Studies investigating the association between telomere length and diabetes have been inconsistent, and there are few data available investigating the associations of telomere length with diabetes duration and control. We evaluated the relationship of leukocyte telomere length with diabetes, and the relationship of leukocyte telomere length with diabetes duration and poor glucose control among people with diabetes.
We used data from the 1999-2002 National Health and Nutrition Examination Survey, a representative sample of the US civilian non-institutionalized population. In 3921 participants, leukocyte telomere length was measured and diabetes status was determined based on a previous diagnosis, hemoglobin A1c ≥ 6.5 %, or fasting glucose ≥ 126 mg/dL.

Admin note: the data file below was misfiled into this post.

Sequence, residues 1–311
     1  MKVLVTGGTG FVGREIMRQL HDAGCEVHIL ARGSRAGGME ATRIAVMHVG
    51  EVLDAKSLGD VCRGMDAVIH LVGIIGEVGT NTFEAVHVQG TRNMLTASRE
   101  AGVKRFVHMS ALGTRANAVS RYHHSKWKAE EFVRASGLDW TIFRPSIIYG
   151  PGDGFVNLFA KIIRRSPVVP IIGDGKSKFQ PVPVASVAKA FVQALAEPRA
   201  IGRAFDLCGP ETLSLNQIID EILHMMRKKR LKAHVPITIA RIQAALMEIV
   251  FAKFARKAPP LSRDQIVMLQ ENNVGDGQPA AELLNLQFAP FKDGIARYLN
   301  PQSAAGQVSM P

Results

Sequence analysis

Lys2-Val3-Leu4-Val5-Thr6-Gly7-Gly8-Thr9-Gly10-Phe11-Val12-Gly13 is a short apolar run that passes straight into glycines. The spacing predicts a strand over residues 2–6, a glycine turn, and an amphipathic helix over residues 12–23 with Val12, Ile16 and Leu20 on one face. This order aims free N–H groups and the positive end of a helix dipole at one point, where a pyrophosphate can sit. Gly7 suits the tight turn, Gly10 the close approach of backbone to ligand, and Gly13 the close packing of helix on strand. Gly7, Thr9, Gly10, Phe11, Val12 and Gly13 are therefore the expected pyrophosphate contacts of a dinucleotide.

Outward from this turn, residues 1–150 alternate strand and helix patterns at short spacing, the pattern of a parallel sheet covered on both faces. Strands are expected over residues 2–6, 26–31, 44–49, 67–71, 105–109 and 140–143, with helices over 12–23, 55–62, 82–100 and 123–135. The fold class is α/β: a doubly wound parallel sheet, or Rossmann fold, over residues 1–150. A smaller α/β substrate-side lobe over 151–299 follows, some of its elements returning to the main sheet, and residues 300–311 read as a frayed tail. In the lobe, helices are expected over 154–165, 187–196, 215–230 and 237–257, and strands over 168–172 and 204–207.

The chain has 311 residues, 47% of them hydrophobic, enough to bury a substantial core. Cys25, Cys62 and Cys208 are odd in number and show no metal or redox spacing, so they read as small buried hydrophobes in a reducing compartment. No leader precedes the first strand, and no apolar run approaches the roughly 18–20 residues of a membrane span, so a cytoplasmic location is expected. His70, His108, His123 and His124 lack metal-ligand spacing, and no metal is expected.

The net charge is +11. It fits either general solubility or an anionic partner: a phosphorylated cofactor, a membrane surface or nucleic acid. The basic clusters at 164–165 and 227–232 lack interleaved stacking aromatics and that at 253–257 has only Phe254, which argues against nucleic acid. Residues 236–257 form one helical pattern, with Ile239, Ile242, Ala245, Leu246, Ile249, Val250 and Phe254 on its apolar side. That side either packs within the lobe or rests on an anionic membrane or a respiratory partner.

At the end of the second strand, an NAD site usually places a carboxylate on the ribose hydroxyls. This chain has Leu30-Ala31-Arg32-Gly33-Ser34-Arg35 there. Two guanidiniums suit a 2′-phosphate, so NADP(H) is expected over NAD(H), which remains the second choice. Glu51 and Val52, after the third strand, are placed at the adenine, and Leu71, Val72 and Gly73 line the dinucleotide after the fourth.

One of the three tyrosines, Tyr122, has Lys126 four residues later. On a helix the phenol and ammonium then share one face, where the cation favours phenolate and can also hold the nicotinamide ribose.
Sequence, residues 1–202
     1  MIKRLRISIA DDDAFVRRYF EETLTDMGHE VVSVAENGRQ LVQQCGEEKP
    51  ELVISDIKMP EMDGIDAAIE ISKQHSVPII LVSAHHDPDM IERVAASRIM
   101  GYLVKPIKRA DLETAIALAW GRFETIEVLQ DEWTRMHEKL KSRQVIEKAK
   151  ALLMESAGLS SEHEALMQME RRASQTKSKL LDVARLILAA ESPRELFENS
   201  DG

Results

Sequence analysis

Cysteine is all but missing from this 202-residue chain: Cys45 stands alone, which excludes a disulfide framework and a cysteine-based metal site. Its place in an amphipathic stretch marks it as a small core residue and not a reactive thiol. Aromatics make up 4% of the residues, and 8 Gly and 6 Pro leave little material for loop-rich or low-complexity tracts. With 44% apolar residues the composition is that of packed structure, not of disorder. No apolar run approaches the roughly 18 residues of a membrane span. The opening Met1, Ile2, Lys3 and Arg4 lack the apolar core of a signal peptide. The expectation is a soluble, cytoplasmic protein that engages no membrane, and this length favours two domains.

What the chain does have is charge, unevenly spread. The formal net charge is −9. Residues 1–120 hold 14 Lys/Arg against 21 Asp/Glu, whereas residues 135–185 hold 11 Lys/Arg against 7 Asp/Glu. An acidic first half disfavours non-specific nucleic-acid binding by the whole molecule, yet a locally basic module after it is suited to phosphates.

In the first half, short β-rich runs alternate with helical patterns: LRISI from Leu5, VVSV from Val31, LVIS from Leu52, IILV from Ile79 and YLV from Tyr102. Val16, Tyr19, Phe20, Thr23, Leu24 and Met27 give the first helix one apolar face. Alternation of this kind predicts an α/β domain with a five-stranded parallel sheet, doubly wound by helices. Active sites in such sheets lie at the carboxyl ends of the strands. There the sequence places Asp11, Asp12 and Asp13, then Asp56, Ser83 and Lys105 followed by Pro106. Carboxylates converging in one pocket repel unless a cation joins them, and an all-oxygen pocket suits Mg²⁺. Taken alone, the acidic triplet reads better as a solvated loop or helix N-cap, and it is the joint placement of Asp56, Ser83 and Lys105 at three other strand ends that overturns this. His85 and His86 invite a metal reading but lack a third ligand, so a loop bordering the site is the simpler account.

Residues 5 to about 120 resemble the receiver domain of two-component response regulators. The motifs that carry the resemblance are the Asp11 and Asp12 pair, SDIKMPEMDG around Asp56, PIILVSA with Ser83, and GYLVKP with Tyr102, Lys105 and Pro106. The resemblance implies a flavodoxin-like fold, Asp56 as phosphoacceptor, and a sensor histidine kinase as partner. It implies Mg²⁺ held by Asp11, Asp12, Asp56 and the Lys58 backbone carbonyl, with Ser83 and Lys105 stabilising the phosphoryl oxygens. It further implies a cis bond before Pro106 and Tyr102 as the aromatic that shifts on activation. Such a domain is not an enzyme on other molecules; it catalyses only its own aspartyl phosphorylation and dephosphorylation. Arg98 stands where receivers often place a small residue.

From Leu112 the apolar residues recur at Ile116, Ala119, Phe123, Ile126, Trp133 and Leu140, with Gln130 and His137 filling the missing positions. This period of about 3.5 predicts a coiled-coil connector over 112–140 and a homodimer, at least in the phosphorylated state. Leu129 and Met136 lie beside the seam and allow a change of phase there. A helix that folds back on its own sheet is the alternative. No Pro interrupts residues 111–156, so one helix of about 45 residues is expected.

The odds ratios (95 % confidence intervals) of diabetes associated with the first, second, and third quartile of leukocyte telomere length, compared to the highest quartile, was 2.09 (1.46-2.98), 1.74 (1.30-2.31), and 1.08 (0.76-1.54), respectively (p-trend < 0.01), in unadjusted models and 0.74 (0.48-1.14), 0.91 (0.61-1.34), and 0.87 (0.59-1.29), respectively (p-trend = 0.20), in multivariable adjusted models. Among participants with diabetes, unadjusted and adjusted leukocyte telomere length was not associated with diabetes duration or glucose control based on an hemoglobin A1c < 7 or < 8 % (all p > 0.05).
In this study of the US general population, leukocyte telomere length was not associated with diabetes status, diabetes duration, or diabetes control.